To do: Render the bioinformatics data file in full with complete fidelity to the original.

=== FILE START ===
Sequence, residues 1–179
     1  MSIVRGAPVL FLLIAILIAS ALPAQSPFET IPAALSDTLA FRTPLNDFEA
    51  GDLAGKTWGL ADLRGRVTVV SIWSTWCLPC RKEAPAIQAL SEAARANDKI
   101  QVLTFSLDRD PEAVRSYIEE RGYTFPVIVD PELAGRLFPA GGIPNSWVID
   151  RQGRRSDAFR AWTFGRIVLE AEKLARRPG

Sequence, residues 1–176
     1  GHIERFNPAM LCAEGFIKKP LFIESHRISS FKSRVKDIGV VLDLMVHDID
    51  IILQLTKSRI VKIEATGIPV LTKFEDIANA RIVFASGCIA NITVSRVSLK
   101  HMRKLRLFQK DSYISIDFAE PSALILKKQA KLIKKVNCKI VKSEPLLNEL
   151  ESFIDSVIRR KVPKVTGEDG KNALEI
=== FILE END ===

Sequence, residues 1–179
     1  MSIVRGAPVL FLLIAILIAS ALPAQSPFET IPAALSDTLA FRTPLNDFEA
    51  GDLAGKTWGL ADLRGRVTVV SIWSTWCLPC RKEAPAIQAL SEAARANDKI
   101  QVLTFSLDRD PEAVRSYIEE RGYTFPVIVD PELAGRLFPA GGIPNSWVID
   151  RQGRRSDAFR AWTFGRIVLE AEKLARRPG

Sequence, residues 1–176
     1  GHIERFNPAM LCAEGFIKKP LFIESHRISS FKSRVKDIGV VLDLMVHDID
    51  IILQLTKSRI VKIEATGIPV LTKFEDIANA RIVFASGCIA NITVSRVSLK
   101  HMRKLRLFQK DSYISIDFAE PSALILKKQA KLIKKVNCKI VKSEPLLNEL
   151  ESFIDSVIRR KVPKVTGEDG KNALEI